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TRAI Order: Can’t Compete Under Regulated Prices With Netflix, Multiplexes, Say Broadcasters

Broadcasters have sought an urgent interim stay or deferral of the telecom regulator’s tariff order on reduced pricing of pay channels three days before its introduction.

A two-member bench of the Bombay High Court comprising Justice AA Sayed and Justice Anuja Prabhudesai asked the Telecom Regulatory Authority of India to consult with the government over deferring the pricing cap by a month. The court will next hear the matter tomorrow.

As many as eight major broadcasting companies, cable operators and associations representing television producers had moved court seeking a stay or deferral of implementation of the tariff order. The court clubbed a petition by certain Mumbai-based cable operators with the broadcasters’ case.

While the court denied them interim relief, it found that the case was fit for further arguments. Counsel for Star India argued that broadcasters won’t be able to compete on quality with unregulated streaming platforms like Netflix and multiplex chains as they aren’t subjected to pricing caps.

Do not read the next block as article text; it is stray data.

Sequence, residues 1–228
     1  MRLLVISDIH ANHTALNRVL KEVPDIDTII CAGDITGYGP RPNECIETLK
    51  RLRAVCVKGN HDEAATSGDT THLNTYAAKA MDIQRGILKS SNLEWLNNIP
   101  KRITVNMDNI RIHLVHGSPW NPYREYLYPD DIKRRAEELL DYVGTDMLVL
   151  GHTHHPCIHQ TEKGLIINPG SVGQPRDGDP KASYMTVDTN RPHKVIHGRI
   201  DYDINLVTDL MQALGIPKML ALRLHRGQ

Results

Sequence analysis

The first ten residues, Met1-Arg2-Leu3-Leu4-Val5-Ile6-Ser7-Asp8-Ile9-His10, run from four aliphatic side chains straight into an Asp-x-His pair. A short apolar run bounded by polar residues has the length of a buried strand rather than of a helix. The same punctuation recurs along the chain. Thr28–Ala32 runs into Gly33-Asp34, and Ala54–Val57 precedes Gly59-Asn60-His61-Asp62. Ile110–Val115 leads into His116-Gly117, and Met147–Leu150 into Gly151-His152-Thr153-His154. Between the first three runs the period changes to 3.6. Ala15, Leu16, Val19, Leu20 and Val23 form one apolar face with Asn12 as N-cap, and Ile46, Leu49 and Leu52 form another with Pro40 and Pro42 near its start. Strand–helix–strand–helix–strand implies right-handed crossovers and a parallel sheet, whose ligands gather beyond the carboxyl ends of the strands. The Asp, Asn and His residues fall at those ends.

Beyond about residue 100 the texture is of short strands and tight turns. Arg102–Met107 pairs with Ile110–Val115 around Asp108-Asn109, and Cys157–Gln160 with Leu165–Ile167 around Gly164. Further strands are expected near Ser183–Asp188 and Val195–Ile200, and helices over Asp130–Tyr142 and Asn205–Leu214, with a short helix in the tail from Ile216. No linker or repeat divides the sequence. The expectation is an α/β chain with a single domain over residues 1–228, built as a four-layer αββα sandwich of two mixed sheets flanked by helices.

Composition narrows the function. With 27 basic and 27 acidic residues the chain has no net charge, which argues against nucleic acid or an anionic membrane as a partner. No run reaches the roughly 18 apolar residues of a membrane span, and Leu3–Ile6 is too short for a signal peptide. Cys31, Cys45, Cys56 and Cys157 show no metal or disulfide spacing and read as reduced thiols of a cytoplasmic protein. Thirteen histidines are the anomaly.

Here are the key arguments made by the parties…

Star India’s Arguments
Mukul Rohatgi, the senior counsel representing Star India, sought a stay or quashing of the tariff order on the following grounds:

Jurisdictional Issue: The telecom regulator lacks specific jurisdiction to specify changes in pricing for pay channels under the “guise of public interest”. Certain powers to regulate broadcasting were provided much after the telecom regulator was constituted and it issued its first tariff order only in 2017.

Prior Court Stays: The Madras High Court had stayed a similar order by the TRAI in 2017, which was lifted last year. The telecom regulator then issued another order leading to further confusion. The high courts of Kerala and Gujarat have ruled against it.

Not A Right: The Constitution of India may grant freedom of speech and expression but it doesn’t contemplate free entertainment for the citizens.

Not Transparent: Industry surveys indicate that a majority of consumers prefer channel bouquets. Yet, TRAI didn’t consult with stakeholders over the order.

Producers Guild’s Arguments
Janak Dwarkadas, senior counsel representing the Film and Television Producers Guild of India, made the following arguments:

  • In its order, the high court has found that the case was fit for arguments. The court must hear the broadcasters and either stay or defer the order’s implementation.
  • A prima facie case against the telecom regulator was established by the broadcasters, tilting the balance of convenience in their favour. However, the implementation of the tariff order could cause “irretrievable injury” to their business.
  • TRAI’s pricing of pay channels is based on an incorrect assumption that viewers only prefer watching general entertainment channels.
  • Broadcasters rely on selling pay channels and any drastic changes would affect their financial position. Bloomberg Quint
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